In general, Bolivia experienced several shifts in land tenure arrangements over the past one hundred years. During the first half of the twentieth century, there were very large estates (latifundio hacendal) in the highlands (valleys and altiplano). On these estates existed relations of servitudes with captive communities. This was a kind of reproduction of the previous colonial system existent in past centuries.
After the National Revolution of 1952, and the mobilizations and land occupations driven by peasant communities subjected to haciendas, the 1953 Agrarian Reform - possibly the most radical on the continent after Mexico’s (1910) - sought to change these conditions, by prohibiting the latifundio, which trapped poor rural communities in a state of servitude, establishing different categories of property rights, and defending the property rights of peasants. The were significant results in terms of land redistribution for valley and altiplano peasants.
Agrarian Reform was accompanied by a quest for establishing the foundations of liberal capitalist development in agriculture, based on the promotion of agricultural industry and peasant cooperatives. This implied that, in practice in later years, efforts were aimed at generating development conditions in the country's tropical lowlands (the “March to the East”), with state plans and policies for investment in roads, services, and support for the production of strategic crops such as cotton, sugar, and rice. By directing its attention to the east, the state abandoned the Andean peasantry, and also the Agrarian Reform of 1953 in an integral sense.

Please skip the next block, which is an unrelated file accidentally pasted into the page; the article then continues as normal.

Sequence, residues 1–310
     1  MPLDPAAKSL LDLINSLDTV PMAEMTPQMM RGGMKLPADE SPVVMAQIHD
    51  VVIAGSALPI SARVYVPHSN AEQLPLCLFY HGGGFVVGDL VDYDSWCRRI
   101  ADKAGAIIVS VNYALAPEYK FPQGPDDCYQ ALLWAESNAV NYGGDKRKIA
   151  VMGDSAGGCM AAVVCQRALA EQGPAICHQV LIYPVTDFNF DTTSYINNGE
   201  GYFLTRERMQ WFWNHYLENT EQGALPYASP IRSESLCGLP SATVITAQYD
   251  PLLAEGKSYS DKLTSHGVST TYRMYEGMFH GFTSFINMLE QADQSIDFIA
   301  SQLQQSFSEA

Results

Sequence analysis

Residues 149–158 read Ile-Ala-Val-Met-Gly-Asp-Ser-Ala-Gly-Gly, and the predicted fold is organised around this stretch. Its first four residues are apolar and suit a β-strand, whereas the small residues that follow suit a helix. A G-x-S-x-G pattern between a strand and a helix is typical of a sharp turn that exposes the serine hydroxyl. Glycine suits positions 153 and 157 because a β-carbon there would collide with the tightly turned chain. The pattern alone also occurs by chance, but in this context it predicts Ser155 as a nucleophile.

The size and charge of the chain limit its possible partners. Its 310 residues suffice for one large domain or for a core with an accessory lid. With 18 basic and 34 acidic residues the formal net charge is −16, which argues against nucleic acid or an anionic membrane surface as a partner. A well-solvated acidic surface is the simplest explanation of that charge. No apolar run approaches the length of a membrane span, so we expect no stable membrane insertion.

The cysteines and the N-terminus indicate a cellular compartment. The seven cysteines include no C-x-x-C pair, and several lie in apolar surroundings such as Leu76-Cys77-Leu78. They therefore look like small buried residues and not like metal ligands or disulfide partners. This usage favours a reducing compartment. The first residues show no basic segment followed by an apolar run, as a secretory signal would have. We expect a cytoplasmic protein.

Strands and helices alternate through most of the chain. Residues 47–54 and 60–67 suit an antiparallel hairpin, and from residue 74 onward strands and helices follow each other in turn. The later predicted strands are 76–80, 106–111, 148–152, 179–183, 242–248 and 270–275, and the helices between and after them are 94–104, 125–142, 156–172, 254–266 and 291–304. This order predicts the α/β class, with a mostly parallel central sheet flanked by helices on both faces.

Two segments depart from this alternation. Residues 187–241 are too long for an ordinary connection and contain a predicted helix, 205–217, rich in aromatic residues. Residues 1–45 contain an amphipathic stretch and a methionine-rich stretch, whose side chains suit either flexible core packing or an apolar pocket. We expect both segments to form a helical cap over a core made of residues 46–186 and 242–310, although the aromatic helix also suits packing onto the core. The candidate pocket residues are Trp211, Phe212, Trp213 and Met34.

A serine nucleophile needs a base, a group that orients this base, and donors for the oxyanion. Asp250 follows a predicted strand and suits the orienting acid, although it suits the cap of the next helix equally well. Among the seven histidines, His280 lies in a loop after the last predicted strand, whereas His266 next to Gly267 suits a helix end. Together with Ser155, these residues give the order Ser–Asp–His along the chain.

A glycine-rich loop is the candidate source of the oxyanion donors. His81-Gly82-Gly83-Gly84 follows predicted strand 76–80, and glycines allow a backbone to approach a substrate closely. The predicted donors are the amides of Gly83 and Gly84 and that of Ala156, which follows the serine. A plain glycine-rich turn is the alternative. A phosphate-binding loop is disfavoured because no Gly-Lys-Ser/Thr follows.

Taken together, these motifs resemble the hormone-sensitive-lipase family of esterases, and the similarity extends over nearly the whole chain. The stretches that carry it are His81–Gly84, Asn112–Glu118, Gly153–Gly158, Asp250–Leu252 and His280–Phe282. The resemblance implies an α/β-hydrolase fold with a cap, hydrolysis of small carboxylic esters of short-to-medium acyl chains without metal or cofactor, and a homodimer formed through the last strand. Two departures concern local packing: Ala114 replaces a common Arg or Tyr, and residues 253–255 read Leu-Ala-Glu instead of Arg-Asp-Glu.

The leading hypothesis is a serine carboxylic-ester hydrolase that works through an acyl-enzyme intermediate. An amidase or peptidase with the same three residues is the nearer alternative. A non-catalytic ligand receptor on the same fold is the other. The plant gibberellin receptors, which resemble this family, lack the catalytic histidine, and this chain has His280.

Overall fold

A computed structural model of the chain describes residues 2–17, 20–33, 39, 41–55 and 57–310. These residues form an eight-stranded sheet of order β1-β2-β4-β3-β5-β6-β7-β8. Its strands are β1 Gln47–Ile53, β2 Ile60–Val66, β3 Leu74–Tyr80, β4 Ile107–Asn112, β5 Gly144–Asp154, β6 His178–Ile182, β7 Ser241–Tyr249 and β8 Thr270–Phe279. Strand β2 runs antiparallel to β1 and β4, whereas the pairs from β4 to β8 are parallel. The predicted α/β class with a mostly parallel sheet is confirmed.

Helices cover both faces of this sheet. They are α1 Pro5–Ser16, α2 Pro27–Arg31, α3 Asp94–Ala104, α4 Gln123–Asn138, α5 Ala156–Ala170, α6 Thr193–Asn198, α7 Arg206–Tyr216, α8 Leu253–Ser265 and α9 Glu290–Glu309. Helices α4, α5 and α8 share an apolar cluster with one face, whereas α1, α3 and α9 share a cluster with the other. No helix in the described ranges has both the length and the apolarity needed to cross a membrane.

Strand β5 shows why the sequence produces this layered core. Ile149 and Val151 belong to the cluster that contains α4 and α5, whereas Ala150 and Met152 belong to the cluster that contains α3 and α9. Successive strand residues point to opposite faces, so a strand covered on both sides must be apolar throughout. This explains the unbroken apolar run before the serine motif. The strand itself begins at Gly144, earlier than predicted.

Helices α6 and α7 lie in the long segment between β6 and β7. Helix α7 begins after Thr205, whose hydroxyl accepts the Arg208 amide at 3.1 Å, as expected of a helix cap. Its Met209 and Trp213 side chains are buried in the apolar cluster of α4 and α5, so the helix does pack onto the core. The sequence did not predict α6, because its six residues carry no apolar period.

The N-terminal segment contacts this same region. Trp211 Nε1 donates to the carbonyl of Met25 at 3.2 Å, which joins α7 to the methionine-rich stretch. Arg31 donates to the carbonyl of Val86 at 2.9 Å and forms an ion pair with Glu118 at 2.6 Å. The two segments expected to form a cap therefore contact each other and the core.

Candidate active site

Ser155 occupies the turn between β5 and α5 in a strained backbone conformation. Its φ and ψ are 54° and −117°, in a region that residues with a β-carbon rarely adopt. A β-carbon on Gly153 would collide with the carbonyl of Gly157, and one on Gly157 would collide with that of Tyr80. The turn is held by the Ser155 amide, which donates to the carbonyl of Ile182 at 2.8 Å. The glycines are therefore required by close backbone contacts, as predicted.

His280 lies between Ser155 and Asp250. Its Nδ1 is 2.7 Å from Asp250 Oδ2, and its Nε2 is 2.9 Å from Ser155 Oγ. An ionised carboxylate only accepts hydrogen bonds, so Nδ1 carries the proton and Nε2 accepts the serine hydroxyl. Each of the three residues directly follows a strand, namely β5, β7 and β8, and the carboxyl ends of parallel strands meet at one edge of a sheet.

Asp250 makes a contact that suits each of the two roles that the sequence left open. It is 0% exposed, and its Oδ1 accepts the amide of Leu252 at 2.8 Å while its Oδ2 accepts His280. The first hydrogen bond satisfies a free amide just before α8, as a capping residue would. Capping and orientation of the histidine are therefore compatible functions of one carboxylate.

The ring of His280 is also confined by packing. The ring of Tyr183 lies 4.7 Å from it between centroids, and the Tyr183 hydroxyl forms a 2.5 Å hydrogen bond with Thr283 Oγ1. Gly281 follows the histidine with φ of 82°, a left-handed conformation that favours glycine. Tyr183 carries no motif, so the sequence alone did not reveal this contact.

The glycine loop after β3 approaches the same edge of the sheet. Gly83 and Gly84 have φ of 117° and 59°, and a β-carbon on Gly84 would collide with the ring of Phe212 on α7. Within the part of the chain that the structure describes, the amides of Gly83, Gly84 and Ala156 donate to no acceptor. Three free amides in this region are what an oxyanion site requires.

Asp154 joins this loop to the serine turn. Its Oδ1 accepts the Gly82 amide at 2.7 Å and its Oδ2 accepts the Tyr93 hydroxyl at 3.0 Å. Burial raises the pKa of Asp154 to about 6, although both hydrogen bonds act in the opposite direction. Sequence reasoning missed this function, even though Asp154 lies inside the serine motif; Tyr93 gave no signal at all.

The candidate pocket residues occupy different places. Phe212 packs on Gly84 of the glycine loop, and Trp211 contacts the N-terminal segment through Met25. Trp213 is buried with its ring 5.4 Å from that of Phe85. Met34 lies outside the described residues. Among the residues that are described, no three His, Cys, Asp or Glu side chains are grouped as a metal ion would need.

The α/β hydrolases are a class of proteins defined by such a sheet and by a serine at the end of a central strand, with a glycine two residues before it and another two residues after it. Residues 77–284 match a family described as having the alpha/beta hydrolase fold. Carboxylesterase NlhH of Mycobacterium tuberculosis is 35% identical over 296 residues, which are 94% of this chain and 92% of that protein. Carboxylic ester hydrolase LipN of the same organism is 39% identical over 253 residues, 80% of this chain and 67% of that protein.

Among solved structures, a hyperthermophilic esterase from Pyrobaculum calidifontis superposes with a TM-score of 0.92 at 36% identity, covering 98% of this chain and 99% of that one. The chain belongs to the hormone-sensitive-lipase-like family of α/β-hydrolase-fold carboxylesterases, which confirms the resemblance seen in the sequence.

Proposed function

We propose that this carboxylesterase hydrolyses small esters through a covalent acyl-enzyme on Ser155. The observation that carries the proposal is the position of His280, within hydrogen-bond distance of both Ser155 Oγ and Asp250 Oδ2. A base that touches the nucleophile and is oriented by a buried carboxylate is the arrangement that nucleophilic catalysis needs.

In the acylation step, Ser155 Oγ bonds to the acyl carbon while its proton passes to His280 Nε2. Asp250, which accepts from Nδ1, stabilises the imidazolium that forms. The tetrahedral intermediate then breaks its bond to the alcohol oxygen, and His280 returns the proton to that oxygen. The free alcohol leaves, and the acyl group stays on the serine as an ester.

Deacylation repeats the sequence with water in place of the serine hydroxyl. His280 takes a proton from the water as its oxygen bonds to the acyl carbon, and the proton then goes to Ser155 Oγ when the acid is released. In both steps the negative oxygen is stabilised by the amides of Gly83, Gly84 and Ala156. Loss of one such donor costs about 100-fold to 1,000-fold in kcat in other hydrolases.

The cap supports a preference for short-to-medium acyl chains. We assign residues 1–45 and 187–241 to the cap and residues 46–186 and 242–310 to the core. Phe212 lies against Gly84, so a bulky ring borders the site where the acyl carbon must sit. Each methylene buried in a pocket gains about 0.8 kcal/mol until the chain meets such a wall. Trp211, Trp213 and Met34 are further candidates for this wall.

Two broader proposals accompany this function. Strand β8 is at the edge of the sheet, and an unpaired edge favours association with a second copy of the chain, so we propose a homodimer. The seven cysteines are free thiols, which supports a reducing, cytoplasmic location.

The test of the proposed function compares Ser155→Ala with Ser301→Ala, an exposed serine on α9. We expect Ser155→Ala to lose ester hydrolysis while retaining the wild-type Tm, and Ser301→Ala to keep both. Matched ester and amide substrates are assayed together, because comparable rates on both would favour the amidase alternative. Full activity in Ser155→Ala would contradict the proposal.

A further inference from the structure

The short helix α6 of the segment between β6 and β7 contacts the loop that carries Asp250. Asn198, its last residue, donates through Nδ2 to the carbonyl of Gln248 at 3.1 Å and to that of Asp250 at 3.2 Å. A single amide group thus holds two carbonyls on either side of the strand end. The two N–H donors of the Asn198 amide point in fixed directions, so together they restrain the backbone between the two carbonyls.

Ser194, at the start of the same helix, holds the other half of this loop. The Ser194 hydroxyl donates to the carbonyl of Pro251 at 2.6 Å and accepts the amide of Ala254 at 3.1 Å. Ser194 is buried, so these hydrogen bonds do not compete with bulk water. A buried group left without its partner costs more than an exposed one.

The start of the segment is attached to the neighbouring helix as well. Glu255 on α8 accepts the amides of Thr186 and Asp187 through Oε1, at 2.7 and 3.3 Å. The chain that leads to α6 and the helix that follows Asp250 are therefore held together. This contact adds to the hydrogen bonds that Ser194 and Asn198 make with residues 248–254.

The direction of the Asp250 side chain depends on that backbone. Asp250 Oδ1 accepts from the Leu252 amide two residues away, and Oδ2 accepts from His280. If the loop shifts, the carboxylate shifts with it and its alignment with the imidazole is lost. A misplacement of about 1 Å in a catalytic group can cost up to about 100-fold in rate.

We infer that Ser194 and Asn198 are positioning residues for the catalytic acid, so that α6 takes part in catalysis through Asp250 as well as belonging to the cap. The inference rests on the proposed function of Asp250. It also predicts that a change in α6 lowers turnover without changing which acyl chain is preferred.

Under these conditions, and facing the need to redirect the agrarian process, a new Land Law was enacted in 1996 (Law 1715 of the National Institute for Agrarian Reform (INRA)). This Law created a new agrarian institution, established a land distribution regime, and established a system of land rights regulatory process throughout the country. This process was known as saneamiento de tierras (land title clearing). This process is the basis for resolving conflicts, verifying compliance with the social function of land, reverting property, and distributing and redistributing land to those in need.
The INRA Law was amended in 2007 by the Law of Community Redirection of the Agrarian Reform (Law 3545) and the 2009 Political Constitution of the State. The Constituion prohibits the latifundio, recognizes and prioritizes the rights of women to land, and brings a more collective and indigenous approach to the agrarian process.
As a result of these new regulations, Bolivia has been committed to applying the land title clearing process throughout the country over the last 20 years. As of August 2016, 77.1 million hectares had been cleared and titled (72% of the national territory), while 18% was in the process of titling and 10% still needed to be titled. Overall, 761,806 titles were issued in favor of 1,896,213 beneficiaries. The beneficiaries consisted of:
Peasants with small properties and community properties: 19.7 million hectares; 1’393,653 beneficiaries
Indigenous peoples, with Native Indigenous Peasant Territories (TIOC): 23.9 million hectares; 494,439 beneficiaries
Medium and large landowners: 8 million hectares; 7.876 beneficiaries
Public land (protected areas, forest concessions, land available for distribution): 25.4 million hectares